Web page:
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Tyler Perry is an American icon who has written, acted, produced and directed many of Hollywood’s definitive hits. With 17 feature films, 20 stage plays, seven television shows and a New York Times bestselling book under his belt, Perry is celebrated for his rich contribution to the world of entertainment.
Known for his creation and portrayal of a nationally beloved character, Madea, Perry was instrumental in proving to Hollywood that there was a demand for urban African American comedies and stories.
In October 2019, Perry marked a new milestone by opening Tyler Perry Studios in Atlanta, Georgia. The studio is the first to be fully owned by an African American, and the 330-acre lot is equipped with 12 sound stages that are named after other exemplary Black stars such as Denzel Washington and Halle Berry. The studio itself is historic, having been built on what was formerly a Confederate army base called Fort McPherson.
With big blockbusters such as “Black Panther” and hit AMC series like “The Walking Dead” among some of the heavy hitters filmed at Tyler Perry Studios, they had a full production schedule underway for 2020, even as the COVID-19 pandemic was unraveling. Because they took unprecedented safety measures and had a 30-page list of conditions for anyone who entered the bubble, Tyler Perry Studios was one of the few that managed to resume filming after the first shutdown and maintain jobs throughout the pandemic.
Perry is slated to receive the 2021 Jean Hersholt Humanitarian Award at this year’s 93rd Academy Awards. Ahead of the Oscars, Perry shares his vision and experiences over the past year with East West Bank.
Atlanta always felt like the promise land to me, and I’m grateful I’ve been able to open Tyler Perry Studios in this city. For me, this was not only about creating entertainment and what I want my legacy to be, but it was also always meant to create a place for others to have opportunity. It was about opening the door and then laying it down as a ramp for others to journey across. I look back at the history of this land as a Confederate army base…to see it now house a major studio owned by a Black man—that is poetic. My hope is that this is a place where new and important voices will be discovered for generations to come.
At the beginning of the pandemic, we were about to start shooting one of my television shows. But when we realized the severity of the situation, we made the difficult decision to immediately shut down, even before the state required it.
I’ve been fortunate enough to be in a position that I could have stopped shooting and sat this out until there was a vaccine. But thinking about my team and my crew and what it takes for them to maintain their lives and provide for their families, I knew I had to do something.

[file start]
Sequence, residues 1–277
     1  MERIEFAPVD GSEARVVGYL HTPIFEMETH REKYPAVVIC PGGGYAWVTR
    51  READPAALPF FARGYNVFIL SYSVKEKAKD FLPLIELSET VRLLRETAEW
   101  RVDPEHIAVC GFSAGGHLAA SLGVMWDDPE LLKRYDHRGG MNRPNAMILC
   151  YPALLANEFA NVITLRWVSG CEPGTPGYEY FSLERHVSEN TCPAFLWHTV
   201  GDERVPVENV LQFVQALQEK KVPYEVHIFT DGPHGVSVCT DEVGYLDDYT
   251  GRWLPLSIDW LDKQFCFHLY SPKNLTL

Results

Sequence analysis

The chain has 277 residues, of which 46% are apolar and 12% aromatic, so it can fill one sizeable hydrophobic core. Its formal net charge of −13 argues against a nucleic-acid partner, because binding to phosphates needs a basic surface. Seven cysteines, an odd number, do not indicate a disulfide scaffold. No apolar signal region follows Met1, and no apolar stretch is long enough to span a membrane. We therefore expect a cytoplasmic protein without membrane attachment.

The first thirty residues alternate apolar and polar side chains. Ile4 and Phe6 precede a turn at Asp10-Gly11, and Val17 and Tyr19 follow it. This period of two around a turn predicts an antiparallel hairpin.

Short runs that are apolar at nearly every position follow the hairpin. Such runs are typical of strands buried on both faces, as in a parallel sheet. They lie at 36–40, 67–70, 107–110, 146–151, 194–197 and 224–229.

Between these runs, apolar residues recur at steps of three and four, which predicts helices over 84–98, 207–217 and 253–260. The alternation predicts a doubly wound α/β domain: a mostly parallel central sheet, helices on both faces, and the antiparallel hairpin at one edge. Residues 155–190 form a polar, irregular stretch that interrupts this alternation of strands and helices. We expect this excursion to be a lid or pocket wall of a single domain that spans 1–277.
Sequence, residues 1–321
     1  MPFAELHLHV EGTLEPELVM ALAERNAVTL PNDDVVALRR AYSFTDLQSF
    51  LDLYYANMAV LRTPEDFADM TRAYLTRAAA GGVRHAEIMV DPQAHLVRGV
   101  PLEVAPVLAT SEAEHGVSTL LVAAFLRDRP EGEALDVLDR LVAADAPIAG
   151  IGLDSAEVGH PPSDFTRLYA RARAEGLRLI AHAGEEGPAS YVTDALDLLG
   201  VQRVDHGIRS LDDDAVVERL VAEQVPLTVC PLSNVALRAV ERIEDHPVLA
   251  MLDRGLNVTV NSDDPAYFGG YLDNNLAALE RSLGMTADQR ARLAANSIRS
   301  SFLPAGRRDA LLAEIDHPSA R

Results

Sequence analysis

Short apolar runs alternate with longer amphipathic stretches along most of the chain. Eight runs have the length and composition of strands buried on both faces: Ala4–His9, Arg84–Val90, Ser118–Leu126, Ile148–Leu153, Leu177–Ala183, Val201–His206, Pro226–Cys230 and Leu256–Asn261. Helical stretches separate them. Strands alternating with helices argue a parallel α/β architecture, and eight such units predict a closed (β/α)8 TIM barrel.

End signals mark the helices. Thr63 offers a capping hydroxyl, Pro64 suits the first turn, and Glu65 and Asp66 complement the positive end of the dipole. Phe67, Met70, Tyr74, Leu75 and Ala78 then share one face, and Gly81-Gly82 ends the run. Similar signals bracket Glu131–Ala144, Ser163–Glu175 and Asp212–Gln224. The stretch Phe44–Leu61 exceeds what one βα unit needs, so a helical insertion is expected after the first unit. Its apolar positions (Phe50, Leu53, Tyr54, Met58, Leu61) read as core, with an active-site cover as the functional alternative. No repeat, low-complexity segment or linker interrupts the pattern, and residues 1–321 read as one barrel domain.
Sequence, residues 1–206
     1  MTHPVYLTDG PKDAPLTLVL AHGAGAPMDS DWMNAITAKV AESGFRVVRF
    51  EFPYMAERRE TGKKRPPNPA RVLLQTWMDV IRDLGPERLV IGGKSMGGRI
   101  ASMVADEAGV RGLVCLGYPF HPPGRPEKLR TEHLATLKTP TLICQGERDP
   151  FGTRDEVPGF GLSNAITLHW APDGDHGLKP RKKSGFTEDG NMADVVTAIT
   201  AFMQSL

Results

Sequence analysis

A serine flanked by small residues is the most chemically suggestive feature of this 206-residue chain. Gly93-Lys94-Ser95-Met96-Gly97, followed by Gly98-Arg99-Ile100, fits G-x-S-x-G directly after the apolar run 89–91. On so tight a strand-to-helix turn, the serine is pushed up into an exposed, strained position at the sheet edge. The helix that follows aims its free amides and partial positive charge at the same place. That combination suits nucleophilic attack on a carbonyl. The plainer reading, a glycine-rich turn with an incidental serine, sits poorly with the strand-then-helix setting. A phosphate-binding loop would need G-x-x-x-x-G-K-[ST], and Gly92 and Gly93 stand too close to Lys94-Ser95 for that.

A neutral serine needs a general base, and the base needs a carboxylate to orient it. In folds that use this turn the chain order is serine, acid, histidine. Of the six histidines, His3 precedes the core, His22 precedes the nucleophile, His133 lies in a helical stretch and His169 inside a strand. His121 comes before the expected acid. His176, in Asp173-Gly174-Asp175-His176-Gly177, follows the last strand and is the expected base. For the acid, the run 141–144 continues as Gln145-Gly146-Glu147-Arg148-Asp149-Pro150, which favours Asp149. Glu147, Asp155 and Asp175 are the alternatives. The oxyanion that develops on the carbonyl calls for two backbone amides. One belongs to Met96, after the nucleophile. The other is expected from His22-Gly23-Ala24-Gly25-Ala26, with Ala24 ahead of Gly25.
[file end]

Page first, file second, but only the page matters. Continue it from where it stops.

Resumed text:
It was early in the process of production resuming, and we were without an official blueprint. So with the help of a village of studio staff, medical doctors, epidemiologists, lawyers, union reps, talent and their reps, crew members, insurers, and a lot of other great thinkers, we came up with a comprehensive plan. We called it “Camp Quarantine.” The measures included flying in cast privately, having them test before the flight and upon arrival, testing and quarantining cast and crew upon arrival, and then testing regularly while on set. We also created enough housing on the lot, had a food safety team, a housekeeping staff, and extensive personal protective equipment for everyone in the quarantine bubble.
After speaking with a wide variety of experts, we knew that these extensive measures were what it would take. And yes, it was costly. For our first few productions, it added about $18 million in costs, which BET and I covered. Ultimately you can’t put a price on everyone’s safety, health and wellbeing, so it was worth it.
We’ve been partnering with East West Bank since 2011, and East West Bank was able to move quickly to assist us with financing. We needed to start production in a timely manner due to the additional logistics needed to bring production back in this environment, and meet a demanding shooting and delivery schedule.
My company and production team move really quickly, but it’s been difficult to have giant corporations move at the same pace, so East West Bank has been the help and the bridge to keep my production schedule moving.
I’m going to be shooting more of my television series for BET and BET+ this year, and I have a really personal film project that I’m working on and hope to shoot sometime this year. The studio also continues to be available for outside productions, many of which have been able to continue shooting during the pandemic, with all COVID protocols in place. All good things to come!
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